Stay Ahead of the Curve on Stink Bugs in Corn
El inglés es el idioma de control de esta página. En la medida en que haya algún conflicto entre la traducción al inglés y la traducción, el inglés prevalece.
Al hacer clic en el enlace de traducción se activa un servicio de traducción gratuito para convertir la página al español. Al igual que con cualquier traducción por Internet, la conversión no es sensible al contexto y puede que no traduzca el texto en su significado original. NC State Extension no garantiza la exactitud del texto traducido. Por favor, tenga en cuenta que algunas aplicaciones y/o servicios pueden no funcionar como se espera cuando se traducen.
English is the controlling language of this page. To the extent there is any conflict between the English text and the translation, English controls.
Clicking on the translation link activates a free translation service to convert the page to Spanish. As with any Internet translation, the conversion is not context-sensitive and may not translate the text to its original meaning. NC State Extension does not guarantee the accuracy of the translated text. Please note that some applications and/or services may not function as expected when translated.Collapse ▲
There are many factors that can diminish the potential yields of a corn crop with weather being the most common factor most years. Over 20 years ago, when I came to Pasquotank County, the next leading robber of corn yield was bill bugs and wireworms. With the advent of the neonicotinoid seed treatments, these two insects of corn were brought under control. But now we have an insect that is probably more difficult to control in some respects and that is brown stink bugs in corn. Why are they such as problem? They are as follows:
- At least 2 generations a year
- A wide wide range of hosts and habitats
- Some of the crops they impact are ones we grow (corn, soybean, and cotton).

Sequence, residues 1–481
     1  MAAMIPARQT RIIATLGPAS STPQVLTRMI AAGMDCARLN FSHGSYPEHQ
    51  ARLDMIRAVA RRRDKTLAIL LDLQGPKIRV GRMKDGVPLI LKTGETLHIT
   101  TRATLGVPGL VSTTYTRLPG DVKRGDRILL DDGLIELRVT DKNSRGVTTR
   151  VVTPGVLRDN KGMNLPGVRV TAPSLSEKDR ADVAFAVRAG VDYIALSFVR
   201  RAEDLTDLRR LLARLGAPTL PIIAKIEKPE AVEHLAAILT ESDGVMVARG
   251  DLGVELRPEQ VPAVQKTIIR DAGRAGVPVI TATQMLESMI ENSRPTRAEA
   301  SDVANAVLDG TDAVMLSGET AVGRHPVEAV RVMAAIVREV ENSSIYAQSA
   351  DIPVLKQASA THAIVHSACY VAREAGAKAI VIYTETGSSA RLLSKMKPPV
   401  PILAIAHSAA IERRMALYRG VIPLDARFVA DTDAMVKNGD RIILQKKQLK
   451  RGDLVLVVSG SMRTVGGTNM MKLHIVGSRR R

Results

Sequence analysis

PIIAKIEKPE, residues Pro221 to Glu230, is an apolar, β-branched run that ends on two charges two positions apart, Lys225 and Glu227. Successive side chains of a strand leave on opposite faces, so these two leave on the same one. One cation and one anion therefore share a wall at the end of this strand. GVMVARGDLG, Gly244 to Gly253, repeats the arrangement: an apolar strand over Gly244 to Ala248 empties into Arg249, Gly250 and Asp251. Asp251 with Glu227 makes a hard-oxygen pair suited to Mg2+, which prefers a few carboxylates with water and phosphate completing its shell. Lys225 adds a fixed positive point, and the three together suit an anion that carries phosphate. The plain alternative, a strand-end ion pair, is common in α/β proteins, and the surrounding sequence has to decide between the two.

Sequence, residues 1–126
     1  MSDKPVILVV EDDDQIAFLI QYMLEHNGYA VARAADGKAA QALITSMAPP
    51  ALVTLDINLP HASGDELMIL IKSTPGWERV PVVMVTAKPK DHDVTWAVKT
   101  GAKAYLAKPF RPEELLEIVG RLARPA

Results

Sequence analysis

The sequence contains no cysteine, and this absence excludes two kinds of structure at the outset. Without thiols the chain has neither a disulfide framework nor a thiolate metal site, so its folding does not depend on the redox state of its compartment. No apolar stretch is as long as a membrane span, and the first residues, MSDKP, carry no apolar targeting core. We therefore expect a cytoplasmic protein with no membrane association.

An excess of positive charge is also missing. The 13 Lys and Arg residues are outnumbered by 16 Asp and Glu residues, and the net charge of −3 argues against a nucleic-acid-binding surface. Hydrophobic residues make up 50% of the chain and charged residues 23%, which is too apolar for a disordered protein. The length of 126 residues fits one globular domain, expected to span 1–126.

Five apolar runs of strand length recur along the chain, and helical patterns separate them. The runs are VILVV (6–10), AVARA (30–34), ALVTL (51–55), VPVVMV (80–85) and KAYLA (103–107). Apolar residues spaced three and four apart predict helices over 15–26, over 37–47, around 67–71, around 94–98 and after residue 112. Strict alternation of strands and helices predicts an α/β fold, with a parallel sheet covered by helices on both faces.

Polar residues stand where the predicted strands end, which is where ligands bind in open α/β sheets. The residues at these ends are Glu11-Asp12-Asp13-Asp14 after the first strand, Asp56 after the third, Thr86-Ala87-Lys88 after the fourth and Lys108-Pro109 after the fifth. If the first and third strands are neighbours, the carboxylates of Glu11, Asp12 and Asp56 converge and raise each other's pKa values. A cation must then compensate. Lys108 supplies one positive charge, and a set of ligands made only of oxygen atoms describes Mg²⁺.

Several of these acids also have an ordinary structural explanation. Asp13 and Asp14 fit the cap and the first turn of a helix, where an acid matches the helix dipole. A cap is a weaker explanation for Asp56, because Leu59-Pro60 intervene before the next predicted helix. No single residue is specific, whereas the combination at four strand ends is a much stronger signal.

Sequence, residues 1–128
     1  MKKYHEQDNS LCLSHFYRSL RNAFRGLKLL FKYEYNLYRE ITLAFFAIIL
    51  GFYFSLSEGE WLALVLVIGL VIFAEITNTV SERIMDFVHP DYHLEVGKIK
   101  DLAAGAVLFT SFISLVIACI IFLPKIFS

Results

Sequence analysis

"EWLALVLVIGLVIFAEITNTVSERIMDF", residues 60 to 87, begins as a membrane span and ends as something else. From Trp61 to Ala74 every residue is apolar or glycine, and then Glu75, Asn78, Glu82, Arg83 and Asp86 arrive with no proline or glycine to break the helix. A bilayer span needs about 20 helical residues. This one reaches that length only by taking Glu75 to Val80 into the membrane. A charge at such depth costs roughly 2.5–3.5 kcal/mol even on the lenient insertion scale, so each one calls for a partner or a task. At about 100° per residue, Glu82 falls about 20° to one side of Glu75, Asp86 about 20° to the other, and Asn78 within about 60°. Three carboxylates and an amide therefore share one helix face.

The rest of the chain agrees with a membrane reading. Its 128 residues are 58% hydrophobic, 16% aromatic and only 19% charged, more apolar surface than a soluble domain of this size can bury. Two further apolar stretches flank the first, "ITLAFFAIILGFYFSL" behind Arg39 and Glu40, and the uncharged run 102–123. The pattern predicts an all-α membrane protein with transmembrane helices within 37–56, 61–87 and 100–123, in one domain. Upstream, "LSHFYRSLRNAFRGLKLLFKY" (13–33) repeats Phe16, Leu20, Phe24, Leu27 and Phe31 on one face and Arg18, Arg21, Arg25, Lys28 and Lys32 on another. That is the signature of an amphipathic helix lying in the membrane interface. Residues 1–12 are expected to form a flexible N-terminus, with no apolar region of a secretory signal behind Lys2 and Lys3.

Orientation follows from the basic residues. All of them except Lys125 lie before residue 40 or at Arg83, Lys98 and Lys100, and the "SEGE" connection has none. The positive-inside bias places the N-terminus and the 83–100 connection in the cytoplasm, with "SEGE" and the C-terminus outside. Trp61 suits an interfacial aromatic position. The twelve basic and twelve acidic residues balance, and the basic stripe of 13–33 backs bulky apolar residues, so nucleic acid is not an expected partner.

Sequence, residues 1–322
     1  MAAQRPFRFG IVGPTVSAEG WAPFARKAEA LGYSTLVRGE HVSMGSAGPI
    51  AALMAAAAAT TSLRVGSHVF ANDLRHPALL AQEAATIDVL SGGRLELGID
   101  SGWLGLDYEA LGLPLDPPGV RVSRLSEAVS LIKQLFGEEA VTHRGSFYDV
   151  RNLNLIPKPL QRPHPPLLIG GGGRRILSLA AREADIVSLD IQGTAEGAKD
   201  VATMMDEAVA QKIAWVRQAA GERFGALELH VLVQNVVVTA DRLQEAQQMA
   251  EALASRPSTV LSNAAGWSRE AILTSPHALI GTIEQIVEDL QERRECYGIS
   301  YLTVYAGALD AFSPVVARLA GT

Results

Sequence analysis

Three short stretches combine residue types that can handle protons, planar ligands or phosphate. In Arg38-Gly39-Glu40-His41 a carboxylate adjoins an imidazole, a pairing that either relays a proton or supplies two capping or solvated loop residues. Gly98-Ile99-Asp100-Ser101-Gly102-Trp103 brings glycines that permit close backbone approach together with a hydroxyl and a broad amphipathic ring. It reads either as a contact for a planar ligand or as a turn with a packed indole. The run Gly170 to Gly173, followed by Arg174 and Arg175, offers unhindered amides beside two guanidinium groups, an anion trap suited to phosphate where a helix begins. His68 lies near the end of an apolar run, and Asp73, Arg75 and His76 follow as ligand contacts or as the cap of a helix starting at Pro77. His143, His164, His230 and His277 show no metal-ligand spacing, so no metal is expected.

Although everyone should be mindful of this pest in our part of the world, where can they be a problem:
- Corn fields planted in no-till fields with heavy cover. Watch for feeding in open-furrows (places where seed furrow was not completely sealed).
- Wheat-corn interfaces. Stink bugs aren’t a pest of wheat, but will feed on wheat up to the time of harvest. Wheat harvest can push stink bugs into nearby corn, but this isn’t a guarantee.
- Corn fields planted behind soybean. Stink bugs build up in soybean during the late summer and early fall after other crops are harvested. Check field edges near woods, where stink bugs may have overwintered after building up in last year’s soybean.
- Corn fields that are adjacent to fields where stink bugs are disturbed such as fields that have a burndown herbicide applied to kill weeds in preparation for soybean/cotton planting or the application of herbicides to kill weeds in pastures.
For additional information about scouting techniques, thresholds, and recommended insecticides, you can use the following link to go to “Brown Stink Bug Management In Corn” by Dr. Dominic Reisig:
I know that this may seem like a topic that is somewhat premature, but I want to go ahead and get this information out to you so that you can have it on your “radar” and be ahead of the curve in anticipating and managing for this important pest of corn, brown stink bugs.